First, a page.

This entire synodal nightmare is like some bizarre Soviet-era experiment that would first brainwash the people and then ask them to parrot back what Big Brother needs to hear in order to justify the revolution he would have the world believe is the will of the people.
Incredibly, the post-conciliar Church that can’t even fill its own pews anymore, nevertheless hosted an elaborate Synod whose purpose was to point accusing fingers back at the Church of 2000 years which built mighty Christendom and baptized half the world.
At one of the Synod’s press conferences, I watched in dejected disbelief as Belgium’s Archbishop Leonard assured the press that this Synod makes it official: “We are not a Church of judgment. We are a welcoming Church, listening to the people and speaking in clear terms. Tenderness is the word of this Synod. This is the beginning of a new Church.”
As opposed to the old Church, presumably, which was all about judging people and making them feel unwelcome. God help us, what blasphemy!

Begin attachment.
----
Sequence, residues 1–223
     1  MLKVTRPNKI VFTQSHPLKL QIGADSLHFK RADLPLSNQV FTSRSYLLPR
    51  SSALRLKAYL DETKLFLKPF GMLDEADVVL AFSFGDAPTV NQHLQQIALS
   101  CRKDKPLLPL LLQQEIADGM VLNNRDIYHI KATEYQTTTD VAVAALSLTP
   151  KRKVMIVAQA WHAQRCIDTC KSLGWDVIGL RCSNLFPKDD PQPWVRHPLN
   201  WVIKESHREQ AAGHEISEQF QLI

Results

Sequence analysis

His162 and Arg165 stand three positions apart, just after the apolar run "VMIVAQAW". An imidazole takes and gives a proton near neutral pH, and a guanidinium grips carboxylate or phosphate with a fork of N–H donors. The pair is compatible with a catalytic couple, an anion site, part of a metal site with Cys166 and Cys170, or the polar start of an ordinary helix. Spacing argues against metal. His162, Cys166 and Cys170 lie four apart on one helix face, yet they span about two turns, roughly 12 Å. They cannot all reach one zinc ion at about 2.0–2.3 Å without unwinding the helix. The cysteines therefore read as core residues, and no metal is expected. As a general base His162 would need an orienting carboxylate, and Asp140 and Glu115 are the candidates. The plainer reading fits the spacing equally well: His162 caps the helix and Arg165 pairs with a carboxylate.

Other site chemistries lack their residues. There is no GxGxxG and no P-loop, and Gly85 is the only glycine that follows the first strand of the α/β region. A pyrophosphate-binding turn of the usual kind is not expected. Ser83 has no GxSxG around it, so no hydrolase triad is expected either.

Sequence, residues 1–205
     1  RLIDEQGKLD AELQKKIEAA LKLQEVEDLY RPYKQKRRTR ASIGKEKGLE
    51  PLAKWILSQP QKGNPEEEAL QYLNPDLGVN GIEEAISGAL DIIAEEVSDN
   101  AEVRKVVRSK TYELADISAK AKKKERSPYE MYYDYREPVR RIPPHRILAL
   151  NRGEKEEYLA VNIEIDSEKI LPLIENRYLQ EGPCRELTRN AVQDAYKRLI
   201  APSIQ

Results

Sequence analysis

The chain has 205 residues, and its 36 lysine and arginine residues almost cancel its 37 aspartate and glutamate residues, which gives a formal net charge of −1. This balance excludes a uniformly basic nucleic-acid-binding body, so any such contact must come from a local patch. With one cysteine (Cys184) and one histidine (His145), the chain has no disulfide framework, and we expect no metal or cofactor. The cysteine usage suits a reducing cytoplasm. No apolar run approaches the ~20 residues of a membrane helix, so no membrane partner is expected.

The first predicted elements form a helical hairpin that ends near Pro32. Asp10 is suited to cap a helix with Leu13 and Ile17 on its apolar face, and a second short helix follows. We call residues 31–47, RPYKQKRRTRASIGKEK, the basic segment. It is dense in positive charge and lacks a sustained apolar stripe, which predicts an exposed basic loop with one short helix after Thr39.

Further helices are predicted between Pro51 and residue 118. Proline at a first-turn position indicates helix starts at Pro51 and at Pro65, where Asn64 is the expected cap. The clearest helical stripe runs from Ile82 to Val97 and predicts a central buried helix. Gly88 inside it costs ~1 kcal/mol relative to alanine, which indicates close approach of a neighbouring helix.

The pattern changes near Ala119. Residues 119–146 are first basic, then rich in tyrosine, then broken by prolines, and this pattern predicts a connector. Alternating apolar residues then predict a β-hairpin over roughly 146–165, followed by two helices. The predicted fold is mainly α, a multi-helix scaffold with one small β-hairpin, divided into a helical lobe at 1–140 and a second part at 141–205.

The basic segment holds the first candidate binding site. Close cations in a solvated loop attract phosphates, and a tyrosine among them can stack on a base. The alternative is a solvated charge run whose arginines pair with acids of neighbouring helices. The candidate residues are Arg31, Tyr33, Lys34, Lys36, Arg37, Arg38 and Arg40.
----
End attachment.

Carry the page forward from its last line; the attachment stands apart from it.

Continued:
But Ghana’s Cardinal Peter Turkson enthusiastically agreed: “Yes, this Synod is an emblem of the New Church.”
In this, at least, they are telling us the truth: they have left that catacomb and are publicly admitting what they’re up to. The Synod on the Family was all about Francis’s pledge to change the Church in such a way that no future pope will be able to change it back…at least that’s the hope.
The Synod reflects the spirit of the new age, of the Council and of what happened 50 years ago in that catacomb beneath the streets of Rome, where churchmen surrendered to the world at the mouth of a 10-mile catacomb of the tombs of 100,000 Christians made into dumb witnesses of Peter’s second betrayal—this time of the Mystical Body of Christ.
Can a pope destroy the Church? No! Can the Pope try to destroy the Church? Well, that’s exactly what he’s doing. Peter is again in the courtyard of the high priest, and the Mystical Body of Christ stands before Pilate, scourged and crowned with thorns. The question is, when will Peter begin to weep?